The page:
Researchers have discovered that it may be possible to stop the flu by manipulating a certain protein in the body, preventing the disease without vaccines.

The flu vaccine is the primary method by which the flu is prevented. However, it is not 100 percent effective because the flu vaccine is developed based on a projection of which virus strain will be taking center stage during the coming flu season. Strains mutate every year so this means that it's entirely possible that a flu vaccine will be useless against the prevailing strain.

What Jacob Yount and colleagues are working on is to prevent the disease from even developing in the first place, not fight it. After seeing that altering the function of one protein can halt the virus, the researchers began experimenting on mice to further explore the discovery, resulting in a study published in the journal PLOS Pathogens.

The interferon-induced transmembrane protein 3, or IFITM3, is a protein effective against all strains of the flu ever recorded. The trick to making the most out of it then is to boost levels of the protein in cells before the body is exposed to the flu virus. Under normal conditions, the body produces large quantities of IFITM3 when a flu virus is detected to reduce the severity of an infection. But when a virus doesn't show, IFITM3 is degraded.

When cells spot the flu virus, they crank up interferon production, which also boosts IFITM3 levels. Interferon has another purpose though: signaling an enzyme called NEDD4 to stop degrading IFITM3 so the protein can work to fight the virus.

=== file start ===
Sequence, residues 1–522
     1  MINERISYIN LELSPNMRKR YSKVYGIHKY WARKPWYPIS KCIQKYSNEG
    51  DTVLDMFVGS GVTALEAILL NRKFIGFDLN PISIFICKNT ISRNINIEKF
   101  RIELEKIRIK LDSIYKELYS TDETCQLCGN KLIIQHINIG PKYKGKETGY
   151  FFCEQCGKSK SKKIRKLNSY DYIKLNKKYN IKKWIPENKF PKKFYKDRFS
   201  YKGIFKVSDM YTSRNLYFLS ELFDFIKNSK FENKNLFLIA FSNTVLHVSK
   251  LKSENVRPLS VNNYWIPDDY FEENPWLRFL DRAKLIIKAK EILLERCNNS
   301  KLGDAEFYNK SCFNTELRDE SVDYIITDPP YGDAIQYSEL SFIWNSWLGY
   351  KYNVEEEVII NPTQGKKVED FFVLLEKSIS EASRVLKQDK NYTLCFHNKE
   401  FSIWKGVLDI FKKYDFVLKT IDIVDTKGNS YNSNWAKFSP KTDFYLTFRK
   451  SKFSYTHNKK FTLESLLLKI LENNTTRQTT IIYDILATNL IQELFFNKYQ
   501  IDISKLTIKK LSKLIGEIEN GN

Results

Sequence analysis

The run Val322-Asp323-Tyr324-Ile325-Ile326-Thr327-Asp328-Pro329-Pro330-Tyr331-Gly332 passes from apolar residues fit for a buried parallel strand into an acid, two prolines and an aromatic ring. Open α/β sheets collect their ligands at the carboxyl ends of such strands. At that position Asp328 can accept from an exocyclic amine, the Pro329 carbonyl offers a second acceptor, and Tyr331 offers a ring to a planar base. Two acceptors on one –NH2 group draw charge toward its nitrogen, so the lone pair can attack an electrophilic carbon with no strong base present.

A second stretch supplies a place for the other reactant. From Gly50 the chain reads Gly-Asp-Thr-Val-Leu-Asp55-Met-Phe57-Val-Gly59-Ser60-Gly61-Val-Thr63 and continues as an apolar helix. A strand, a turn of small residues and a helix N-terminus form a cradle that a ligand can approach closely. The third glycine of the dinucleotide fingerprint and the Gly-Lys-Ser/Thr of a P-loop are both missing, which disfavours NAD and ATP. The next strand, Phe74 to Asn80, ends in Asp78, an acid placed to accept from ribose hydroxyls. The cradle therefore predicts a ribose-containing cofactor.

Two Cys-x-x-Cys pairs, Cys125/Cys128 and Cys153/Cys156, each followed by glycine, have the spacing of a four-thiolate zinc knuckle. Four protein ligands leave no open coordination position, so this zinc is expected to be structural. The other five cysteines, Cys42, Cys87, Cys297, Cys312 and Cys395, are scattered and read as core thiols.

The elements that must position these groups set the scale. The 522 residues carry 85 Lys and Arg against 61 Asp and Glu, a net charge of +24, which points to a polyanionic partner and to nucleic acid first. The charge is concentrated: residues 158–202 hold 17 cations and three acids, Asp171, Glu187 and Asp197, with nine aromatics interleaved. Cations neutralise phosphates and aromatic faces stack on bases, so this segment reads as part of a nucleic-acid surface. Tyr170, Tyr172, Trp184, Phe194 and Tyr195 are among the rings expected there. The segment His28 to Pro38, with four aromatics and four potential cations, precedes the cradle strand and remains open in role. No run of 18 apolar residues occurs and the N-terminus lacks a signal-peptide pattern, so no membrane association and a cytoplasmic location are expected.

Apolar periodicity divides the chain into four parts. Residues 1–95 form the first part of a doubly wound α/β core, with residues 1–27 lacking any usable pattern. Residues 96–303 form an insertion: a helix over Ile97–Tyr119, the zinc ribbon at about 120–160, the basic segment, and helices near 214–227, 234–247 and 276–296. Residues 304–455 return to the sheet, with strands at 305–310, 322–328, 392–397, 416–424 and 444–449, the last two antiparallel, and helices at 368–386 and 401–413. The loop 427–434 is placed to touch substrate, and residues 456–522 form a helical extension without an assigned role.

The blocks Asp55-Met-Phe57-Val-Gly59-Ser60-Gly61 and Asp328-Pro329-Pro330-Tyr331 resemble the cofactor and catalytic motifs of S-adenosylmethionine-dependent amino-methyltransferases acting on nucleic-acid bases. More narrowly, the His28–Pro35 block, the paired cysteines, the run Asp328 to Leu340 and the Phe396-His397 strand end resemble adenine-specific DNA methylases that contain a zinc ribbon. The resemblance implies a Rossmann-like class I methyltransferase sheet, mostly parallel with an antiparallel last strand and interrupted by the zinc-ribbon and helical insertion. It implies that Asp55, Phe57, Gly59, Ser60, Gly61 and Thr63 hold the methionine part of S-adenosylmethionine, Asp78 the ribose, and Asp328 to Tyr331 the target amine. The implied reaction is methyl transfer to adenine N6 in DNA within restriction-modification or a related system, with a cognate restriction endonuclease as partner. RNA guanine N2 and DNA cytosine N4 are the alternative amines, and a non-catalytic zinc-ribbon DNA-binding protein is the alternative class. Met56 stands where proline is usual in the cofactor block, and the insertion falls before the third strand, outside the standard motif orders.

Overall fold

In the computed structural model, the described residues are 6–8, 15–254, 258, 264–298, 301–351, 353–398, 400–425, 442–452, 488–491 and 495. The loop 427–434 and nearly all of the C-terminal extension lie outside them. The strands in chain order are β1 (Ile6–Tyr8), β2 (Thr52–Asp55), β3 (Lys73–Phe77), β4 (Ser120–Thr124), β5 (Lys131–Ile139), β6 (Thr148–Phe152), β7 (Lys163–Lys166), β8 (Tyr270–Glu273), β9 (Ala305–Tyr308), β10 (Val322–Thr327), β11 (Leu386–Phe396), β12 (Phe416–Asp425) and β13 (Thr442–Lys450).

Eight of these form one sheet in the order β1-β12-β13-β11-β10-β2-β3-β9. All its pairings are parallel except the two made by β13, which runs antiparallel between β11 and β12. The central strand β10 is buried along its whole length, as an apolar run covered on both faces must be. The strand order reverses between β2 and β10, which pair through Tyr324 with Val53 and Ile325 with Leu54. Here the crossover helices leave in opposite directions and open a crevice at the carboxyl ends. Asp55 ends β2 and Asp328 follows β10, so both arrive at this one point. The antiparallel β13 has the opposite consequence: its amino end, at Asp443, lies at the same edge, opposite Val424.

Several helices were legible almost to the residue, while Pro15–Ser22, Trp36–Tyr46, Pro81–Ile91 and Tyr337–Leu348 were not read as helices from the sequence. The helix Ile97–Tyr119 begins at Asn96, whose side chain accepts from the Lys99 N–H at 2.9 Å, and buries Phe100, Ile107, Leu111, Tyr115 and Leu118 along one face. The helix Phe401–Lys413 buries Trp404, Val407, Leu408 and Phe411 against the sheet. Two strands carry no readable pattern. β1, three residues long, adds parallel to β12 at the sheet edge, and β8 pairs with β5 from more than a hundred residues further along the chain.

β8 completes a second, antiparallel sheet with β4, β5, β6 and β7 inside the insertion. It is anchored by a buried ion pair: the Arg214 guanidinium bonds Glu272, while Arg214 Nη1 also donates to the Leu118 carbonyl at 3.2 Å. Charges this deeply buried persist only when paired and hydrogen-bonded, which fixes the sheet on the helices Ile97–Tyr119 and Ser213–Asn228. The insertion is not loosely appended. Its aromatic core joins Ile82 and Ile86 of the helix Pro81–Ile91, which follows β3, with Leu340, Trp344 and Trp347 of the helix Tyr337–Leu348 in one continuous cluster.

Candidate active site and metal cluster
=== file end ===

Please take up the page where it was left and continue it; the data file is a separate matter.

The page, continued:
The researchers focused on NEDD4 and were able to show that inhibiting the enzyme led to IFITM3 accumulation, which offered greater resistance against infections from flu viruses. They opted out of stimulating interferon production to boost IFITM3 levels because high interferon levels leads to side effects, which includes flu-like symptoms.

Interferon is still needed to jump-start the production of IFTM3 but the researchers only induced one response. That was enough to put IFITM3 in a steady-state level if NEDD4 will be removed anyway.

The researchers are still working on how and when to get rid of the enzyme because experiments with mice showed NEDD4 was crucial for embryos to survive birth, indicating an importance associated with fetal development. Getting rid of NEDD4 later in life doesn't pose health problems for adult mice though, which is what Young and his colleagues are using now as subjects.

The study received funding support from the National Institute for Allergy and Infectious Diseases. Other authors include Nicholas Chesarino and Temet McMichael.

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